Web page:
UW Combined Fund Drive

June 27, 2023

New legislation makes pumping at work easier for working parents

A new federal labor law, Providing Urgent Maternal Protections (PUMP) for Nursing Mothers Act, expands workplace lactation accommodation protections to all breastfeeding/chestfeeding employees upon their return to the workplace.

These protections apply regardless of the employeeā€™s gender and apply to all workers, including off-site, remote, mobile or traveling workers.

Related: Discover the many benefits of human milk feeding

The law was enacted in December 2022 and is fully enforceable as of April 28, 2023.

The new law requires employers of all sizes to provide reasonable break time for an employee to express human milk for their nursing child for up to one year after the birth of the child. It also stipulates that workers have access to private, non-bathroom spaces in which to comfortably pump.

Employers cannot mandate the length of a pumping break, nor the number of breaks a worker takes, and must include time for the employee to get to the space, set up and clean up.

The new law expands employee protections established in the 2010 Break Time for Nursing Mothers law, closing a coverage gap for 1 of every 4 exempt workers who were previously excluded from federal protections. An additional nine million workers of childbearing age in the U.S. were to protected status, including teachers, nurses, farmworkers and others.

The case for lactation-friendly work environments

Parents in all 50 states have theĀ right to breastfeed in publicĀ and all breastfeeding employees are protected by theĀ federal Fair Labor Standards Act.


Nonprofit spotlight: La Leche League

La Leche League of Washington (charity code 0315698) is a non-profit, non-governmental and non-sectarian organization committed to supporting breastfeeding, chestfeeding, and human milk feeding families. They envision a world without barriers to experiencing the love and wisdom found in the breastfeeding relationship.

La Leche League Leaders are volunteer parents who have nursed their own children and are accredited by La Leche League International.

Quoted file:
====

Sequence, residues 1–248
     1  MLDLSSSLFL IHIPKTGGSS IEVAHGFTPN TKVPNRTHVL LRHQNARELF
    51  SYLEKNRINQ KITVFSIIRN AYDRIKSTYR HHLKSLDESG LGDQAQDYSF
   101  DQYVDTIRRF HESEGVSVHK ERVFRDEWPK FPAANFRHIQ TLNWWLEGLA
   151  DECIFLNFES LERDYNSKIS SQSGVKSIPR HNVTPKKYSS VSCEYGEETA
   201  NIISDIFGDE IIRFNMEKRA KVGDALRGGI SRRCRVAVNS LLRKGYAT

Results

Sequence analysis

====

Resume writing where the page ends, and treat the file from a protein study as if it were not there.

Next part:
La Leche League has been providing vital breastfeeding support for more than 60 years. We know that while breastfeeding is natural, it doesn’t always come naturally. Across Washington, parents find vital support from La Leche League’s volunteer Leaders on the phone, via email and in monthly Group Meetings. La Leche League provides support from pregnancy through weaning, and everything in between. If you have questions or need help, here’s how to reach them:


Learn More

The PUMP Act makes clear that pumping time counts as time worked when calculating minimum wage and overtime if an employee is not completely relieved from their work duties during the pumping break.

TheĀ Pregnant Workers Fairness Act, which takes effect June 27, 2023, states that workers have a right to reasonable accommodations for pregnancy, postpartum recovery and related medical conditions, which includes lactation.Ā Employees can contact the free helplines from theĀ Center for WorkLife LawĀ and/orĀ A Better BalanceĀ for assistance in understanding their legal rights and options.

The UW conforms to the Washington State Legislature workplace pregnancy accommodations (RCW 43.10.010). WorkLife, a division ofĀ UW Human Resources, maintainsĀ information for UW faculty, staff, and student parents, including a list andĀ map of lactation roomsĀ on all UW campuses and Harborview Medical Center.

Contributed by Nicole Reeve-Parker